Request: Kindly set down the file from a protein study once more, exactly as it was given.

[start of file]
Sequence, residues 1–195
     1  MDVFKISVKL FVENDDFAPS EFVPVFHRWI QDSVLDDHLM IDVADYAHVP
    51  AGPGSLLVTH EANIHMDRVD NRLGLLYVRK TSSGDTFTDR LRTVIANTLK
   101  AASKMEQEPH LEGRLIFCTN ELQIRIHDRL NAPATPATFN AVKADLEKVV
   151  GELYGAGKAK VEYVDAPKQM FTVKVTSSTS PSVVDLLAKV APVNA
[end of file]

Sequence, residues 1–195
     1  MDVFKISVKL FVENDDFAPS EFVPVFHRWI QDSVLDDHLM IDVADYAHVP
    51  AGPGSLLVTH EANIHMDRVD NRLGLLYVRK TSSGDTFTDR LRTVIANTLK
   101  AASKMEQEPH LEGRLIFCTN ELQIRIHDRL NAPATPATFN AVKADLEKVV
   151  GELYGAGKAK VEYVDAPKQM FTVKVTSSTS PSVVDLLAKV APVNA